A new campaign, ‘She Built It’, has been launched by Minister for Industrial Relations Tim Pallas in a bid to encourage more women to pursue a career in the construction industry.
The digital, radio and print campaign highlights the success of women in the industry and has recently been introduced at a social housing construction site in Ascot Vale.
Minister Pallas says the campaign will promote action to change the status quo.
“There are many women with thriving careers in the construction industry and it’s important to highlight those stories because it’s hard to be what you can’t see. Representation and visibility matter,” he says.
The construction industry has come a long way in changing attitudes and increasing opportunities for women in construction, yet women only make up under 3% of building and construction trades workers in Victoria.
Some 200 social and affordable homes are being constructed at the Homes Victoria site in Dunlop Avenue, Ascot Vale, where half of the trainees, apprentices and cadets are women. Women make up more than 40% of construction partner Built’s project team at Ascot Vale.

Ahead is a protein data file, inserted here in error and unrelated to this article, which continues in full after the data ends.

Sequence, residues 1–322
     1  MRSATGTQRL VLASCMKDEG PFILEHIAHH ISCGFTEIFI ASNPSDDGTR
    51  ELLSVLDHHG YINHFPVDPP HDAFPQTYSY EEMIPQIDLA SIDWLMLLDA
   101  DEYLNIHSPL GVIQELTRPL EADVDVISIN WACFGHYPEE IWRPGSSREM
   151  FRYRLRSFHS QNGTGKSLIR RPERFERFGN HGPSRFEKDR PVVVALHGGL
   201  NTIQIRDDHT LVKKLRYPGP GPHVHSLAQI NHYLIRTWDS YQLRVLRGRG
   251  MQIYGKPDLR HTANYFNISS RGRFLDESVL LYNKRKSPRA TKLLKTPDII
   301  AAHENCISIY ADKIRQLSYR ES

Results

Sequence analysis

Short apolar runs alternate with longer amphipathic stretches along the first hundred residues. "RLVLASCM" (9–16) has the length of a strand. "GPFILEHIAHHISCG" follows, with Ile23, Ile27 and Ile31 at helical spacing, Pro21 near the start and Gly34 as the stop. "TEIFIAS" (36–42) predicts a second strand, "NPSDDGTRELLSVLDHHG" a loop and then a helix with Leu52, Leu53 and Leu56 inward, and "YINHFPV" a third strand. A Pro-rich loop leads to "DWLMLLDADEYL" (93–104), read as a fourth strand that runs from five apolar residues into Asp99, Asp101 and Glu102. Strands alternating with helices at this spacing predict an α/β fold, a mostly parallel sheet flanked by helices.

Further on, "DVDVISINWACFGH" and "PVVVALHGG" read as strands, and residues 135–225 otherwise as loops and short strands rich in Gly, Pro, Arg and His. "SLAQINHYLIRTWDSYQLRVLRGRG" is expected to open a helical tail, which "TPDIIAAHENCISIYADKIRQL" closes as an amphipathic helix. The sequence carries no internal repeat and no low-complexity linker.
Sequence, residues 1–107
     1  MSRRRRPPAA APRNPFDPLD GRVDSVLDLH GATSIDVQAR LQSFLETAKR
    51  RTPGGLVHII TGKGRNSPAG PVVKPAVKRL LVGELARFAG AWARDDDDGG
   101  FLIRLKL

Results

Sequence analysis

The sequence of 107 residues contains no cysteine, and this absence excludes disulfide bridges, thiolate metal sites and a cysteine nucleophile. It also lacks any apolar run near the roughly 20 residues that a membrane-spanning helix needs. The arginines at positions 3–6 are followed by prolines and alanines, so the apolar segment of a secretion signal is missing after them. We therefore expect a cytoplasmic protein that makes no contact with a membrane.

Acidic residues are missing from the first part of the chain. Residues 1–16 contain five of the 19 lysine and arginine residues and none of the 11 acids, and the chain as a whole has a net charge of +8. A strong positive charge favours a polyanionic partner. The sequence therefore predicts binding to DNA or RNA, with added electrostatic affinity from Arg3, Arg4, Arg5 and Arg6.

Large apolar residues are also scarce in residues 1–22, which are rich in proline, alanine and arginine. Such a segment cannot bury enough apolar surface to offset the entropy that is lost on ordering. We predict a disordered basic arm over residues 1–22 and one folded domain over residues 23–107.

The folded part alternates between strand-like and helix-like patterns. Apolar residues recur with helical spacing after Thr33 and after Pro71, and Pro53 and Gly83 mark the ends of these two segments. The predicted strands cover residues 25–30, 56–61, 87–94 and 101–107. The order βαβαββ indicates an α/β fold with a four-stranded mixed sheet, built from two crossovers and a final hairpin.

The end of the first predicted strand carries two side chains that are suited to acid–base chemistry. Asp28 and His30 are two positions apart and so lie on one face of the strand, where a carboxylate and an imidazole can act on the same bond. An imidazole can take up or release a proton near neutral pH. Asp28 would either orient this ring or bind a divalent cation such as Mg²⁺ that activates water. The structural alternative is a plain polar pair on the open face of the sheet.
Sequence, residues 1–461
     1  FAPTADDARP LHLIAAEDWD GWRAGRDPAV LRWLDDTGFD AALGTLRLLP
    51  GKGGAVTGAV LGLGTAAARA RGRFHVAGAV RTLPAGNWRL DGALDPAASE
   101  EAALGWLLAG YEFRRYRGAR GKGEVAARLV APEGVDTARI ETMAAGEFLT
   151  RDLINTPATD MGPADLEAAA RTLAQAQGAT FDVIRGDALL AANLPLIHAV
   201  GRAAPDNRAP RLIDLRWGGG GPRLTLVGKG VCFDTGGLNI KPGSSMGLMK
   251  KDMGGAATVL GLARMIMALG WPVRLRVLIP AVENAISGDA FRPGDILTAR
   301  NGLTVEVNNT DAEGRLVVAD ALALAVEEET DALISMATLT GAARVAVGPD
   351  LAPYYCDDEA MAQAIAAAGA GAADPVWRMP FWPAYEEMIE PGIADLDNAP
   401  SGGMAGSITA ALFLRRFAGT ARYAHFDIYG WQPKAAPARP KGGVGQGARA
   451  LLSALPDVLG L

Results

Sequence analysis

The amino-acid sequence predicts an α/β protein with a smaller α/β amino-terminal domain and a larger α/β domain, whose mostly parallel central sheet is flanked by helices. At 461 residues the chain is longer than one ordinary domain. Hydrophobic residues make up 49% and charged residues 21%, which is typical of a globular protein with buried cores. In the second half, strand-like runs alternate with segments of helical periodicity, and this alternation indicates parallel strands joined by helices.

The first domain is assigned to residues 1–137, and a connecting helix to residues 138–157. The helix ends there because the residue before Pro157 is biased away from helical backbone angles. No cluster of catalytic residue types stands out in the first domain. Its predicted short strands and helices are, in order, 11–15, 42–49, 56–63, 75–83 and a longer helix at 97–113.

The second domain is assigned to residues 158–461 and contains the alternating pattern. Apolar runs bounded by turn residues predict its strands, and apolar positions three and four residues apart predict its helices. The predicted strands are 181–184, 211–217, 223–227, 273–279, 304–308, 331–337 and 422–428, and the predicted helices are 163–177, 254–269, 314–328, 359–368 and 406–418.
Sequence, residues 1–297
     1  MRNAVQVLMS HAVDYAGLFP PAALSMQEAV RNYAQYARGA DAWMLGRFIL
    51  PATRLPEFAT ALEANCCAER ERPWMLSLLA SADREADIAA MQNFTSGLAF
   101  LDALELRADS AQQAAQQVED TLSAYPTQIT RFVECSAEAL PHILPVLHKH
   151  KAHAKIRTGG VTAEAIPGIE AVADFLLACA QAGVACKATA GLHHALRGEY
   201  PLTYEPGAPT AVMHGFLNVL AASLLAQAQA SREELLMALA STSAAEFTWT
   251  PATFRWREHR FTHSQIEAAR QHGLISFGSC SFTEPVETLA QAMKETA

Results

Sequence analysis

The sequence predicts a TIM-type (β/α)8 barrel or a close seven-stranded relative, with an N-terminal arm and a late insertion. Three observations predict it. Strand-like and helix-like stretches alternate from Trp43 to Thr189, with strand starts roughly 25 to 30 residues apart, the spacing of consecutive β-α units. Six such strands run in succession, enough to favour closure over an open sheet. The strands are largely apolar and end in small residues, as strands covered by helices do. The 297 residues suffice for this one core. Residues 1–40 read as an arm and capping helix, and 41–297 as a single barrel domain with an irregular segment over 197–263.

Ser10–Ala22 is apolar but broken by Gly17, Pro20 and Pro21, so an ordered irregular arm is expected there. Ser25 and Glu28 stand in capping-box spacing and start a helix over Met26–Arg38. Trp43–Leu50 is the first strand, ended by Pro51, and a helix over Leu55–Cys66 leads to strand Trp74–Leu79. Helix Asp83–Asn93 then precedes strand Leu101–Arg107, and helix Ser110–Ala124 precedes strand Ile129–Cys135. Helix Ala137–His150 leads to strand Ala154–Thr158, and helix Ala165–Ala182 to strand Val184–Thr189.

Mature-age apprentice electrician Sarah Tabone says the campaign was important to her in showing other women the vast opportunities the industry provides.
“I hope it breaks down stereotypes and shows how accessible the industry is for women,” she says.
“If even one woman sees this and it helps her to have the courage or plants the idea to walk through that open door, it will make such a difference for our industry.”
Running from Monday, 26 September, “She Built It” will appear on streaming services, YouTube, Spotify and news sites, in regional newspapers and on radio across the state including multicultural stations.
The campaign will complement the Victorian Government’s Building Equality Policy which applies to large government projects and requires the representation of women in at least 3% of each trade role, 7% of each non-trade position and 35% of management, supervisor and specialist labour roles. The Policy also requires that 4% of labour hours for apprentices and trainees be performed by women.
Building Industry Consultative Council Chair Rebecca Casson says, “Women are making a valuable contribution to the industry and it’s important that their influence is acknowledged through campaigns like ‘She Built It’, which celebrate greater diversity, equity and inclusion.”
Initiatives include the creation of the Building Futures Women in Construction job-matching website, a respectful workplaces code of practice, and tools and resources for students, parents, teachers, women and employers.
Find out more about how to join the female workforce in the building industry at womeninconstruction.com.au.